Swimming Pool Compass Mosaics Bring Seafaring Adventure into Your Space

Swimming Pool Compass Mosaics Bring Seafaring Adventure into Your Space

Despite advancements in the Global Positioning System (GPS), a component of the global navigation satellite system (GNSS), the compass remains a trusted companion. It’s such an integral part of our history that its design appears widely in architecture, artistic works, and travel literature. Hence, it’s only fitting for us to venerate the compass as elegant and colorful swimming pool compass mosaics. Swimming pool compass mosaics perfectly personify the high adventures of not only the seafaring folks but anyone who travels to uncharted territories.

The First Civilization To Invent the Magnetic Compass

The four cardinal directions have been an integral aspect of humanity’s story since recorded history. The history of navigation is the history of seafaring and the desert nomads; it’s the art of commanding vessels across oceans and caravans traversing the wilderness.

In the earliest history of exploration, navigators charted routes using astronomy and geometry. It was the Chinese Han and Tang Dynasties that are credited by historians as developing the first magnetic compass (roughly 200 BCE).

By 1040 CE, the Song Dynasty began using the magnetic compass for navigational orienteering (the discipline of following a route through unfamiliar terrain). Throughout the millennia, the compass hasn’t changed much, technologically speaking.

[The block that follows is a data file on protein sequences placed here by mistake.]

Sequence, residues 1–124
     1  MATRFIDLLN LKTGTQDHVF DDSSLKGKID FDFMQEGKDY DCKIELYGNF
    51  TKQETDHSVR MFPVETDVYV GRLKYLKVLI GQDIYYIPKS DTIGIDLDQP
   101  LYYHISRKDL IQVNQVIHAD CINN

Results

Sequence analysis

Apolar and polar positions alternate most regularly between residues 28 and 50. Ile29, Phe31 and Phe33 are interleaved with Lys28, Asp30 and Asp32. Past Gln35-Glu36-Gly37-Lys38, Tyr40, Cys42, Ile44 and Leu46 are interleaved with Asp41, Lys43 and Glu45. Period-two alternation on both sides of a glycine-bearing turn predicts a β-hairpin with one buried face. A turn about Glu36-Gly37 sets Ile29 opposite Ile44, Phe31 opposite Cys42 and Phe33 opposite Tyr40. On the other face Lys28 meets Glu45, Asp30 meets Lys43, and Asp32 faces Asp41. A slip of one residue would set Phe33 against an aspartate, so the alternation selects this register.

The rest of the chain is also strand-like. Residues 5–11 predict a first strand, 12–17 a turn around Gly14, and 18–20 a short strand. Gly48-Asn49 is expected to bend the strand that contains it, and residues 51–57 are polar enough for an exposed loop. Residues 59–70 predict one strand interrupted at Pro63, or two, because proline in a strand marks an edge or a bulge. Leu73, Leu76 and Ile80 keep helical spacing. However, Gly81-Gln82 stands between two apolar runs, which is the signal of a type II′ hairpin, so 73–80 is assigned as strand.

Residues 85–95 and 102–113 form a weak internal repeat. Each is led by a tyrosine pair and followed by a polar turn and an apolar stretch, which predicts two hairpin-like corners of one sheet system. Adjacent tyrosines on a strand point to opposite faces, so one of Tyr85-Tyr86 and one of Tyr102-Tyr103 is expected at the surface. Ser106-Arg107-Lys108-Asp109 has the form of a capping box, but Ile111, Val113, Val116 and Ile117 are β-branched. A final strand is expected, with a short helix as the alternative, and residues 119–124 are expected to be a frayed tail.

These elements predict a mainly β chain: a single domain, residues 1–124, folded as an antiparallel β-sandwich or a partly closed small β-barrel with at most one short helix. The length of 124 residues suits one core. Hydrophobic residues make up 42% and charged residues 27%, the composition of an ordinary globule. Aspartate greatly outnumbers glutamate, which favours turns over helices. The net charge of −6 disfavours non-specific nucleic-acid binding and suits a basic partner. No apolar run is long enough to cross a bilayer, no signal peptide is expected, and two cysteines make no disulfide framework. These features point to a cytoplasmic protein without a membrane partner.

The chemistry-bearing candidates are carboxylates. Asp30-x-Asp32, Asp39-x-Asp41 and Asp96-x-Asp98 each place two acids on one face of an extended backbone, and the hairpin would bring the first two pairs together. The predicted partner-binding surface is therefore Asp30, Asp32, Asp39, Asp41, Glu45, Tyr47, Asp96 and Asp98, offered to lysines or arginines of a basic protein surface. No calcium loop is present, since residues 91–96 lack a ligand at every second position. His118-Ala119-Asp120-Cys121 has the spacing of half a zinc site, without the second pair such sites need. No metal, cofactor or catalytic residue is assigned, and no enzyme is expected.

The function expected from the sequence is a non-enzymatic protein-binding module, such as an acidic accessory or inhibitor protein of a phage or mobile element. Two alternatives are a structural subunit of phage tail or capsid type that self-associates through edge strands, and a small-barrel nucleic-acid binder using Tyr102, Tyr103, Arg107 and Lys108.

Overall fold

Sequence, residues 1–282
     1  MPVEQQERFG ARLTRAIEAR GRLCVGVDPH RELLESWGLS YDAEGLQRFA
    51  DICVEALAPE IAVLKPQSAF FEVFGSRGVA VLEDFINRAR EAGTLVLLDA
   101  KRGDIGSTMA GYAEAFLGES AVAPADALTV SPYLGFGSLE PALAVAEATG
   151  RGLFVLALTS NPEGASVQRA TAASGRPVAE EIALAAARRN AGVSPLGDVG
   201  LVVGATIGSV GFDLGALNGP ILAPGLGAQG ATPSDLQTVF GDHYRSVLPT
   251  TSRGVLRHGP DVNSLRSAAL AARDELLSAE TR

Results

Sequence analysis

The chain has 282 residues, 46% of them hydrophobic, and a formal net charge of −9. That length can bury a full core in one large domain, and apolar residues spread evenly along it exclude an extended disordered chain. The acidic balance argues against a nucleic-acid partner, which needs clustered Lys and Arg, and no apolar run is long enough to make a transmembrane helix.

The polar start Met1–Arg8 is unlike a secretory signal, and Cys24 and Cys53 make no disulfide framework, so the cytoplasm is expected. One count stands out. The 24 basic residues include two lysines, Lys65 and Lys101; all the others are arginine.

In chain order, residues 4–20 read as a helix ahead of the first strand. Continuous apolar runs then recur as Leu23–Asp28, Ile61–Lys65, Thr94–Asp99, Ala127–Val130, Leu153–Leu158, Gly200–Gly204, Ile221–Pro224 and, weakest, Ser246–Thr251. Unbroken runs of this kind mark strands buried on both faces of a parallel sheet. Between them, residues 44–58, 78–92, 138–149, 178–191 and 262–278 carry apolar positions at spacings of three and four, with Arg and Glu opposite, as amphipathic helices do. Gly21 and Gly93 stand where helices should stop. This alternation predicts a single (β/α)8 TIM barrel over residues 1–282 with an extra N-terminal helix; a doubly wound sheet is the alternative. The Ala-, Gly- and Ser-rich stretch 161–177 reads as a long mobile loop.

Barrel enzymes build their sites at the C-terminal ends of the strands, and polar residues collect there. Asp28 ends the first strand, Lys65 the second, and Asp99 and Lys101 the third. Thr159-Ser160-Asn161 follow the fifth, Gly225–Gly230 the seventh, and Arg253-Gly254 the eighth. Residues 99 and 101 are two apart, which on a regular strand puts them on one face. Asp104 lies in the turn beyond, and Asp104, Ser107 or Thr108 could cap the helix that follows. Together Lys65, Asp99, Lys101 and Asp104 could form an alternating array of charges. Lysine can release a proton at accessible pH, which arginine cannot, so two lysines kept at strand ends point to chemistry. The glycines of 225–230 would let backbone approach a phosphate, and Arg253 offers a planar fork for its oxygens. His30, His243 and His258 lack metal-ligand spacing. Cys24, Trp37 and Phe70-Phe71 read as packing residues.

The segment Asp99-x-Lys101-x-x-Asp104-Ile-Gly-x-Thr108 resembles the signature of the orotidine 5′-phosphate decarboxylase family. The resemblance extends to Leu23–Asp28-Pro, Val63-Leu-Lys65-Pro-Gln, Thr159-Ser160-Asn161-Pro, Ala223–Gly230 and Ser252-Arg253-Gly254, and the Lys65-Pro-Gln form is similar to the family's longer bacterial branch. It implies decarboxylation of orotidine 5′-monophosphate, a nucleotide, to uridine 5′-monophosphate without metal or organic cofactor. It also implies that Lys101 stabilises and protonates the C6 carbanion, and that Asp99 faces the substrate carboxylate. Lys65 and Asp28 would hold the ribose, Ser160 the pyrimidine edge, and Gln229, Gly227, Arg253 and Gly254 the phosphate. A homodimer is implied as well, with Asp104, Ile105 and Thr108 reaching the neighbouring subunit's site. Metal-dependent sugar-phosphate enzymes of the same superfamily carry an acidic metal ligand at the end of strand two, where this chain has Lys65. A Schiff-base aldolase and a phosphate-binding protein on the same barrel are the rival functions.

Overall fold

Who Brought the Compass to Europe?

By the 14th century, compasses had begun to emerge across Europe. Although a few historians assert that Europeans independently invented their own iron ore compasses several centuries after the Chinese, most agree that the Chinese shared the compass with the Arabs, who eventually introduced the technology to Europeans.

Either way, the arrival of the compass was a pivotal moment in European maritime travel, as it allowed seafarers to travel throughout the year. In addition to that, the magnetic compass better equipped them to sail the open seas out of sight of land. The compass helped usher in the Age of Exploration or the early modern period, helping navigators chart sea routes to Japan, China, and Indonesia; this allowed merchants to establish the international trade of spices, silk, and tea.

It was also around this time that the Spanish began coming into contact with the Inca and Aztecs. European explorers were gaining knowledge of the wonders and natural resources that were available in North America. The compass helped increase sea travel and the number of available trade routes, which led to the European settlement of North America.

How Does a Compass Work?

Magnetic compasses detect and respond to the magnetic field of the Earth. The Earth’s gravitational pressure causes it to have an iron core that is part liquid and part solid crystal. Scientists conclude that movement within the liquid outer core is what produces the Earth’s magnetic field, which has two poles—north and south.

Even though the Earth’s magnetic poles are slightly different from its axis of rotation, they’re close enough to the geographic poles to be a valuable navigation tool. When certain adjustments are made to make up for the polar differences, the accuracy of a compass can be somewhat accurate. However, most compasses don’t point exactly towards the North Pole.

According to The Guardian, “Over the past few hundred years in the UK, all compass needles have pointed west of true north.” Nonetheless, as the article went on to report, compasses at Greenwich pointed true north for the first time in over 360 years. “And for some parts of the UK, this may not happen for another 20 years. Either way, it is a once-in-a-lifetime event,” The Guardian continued.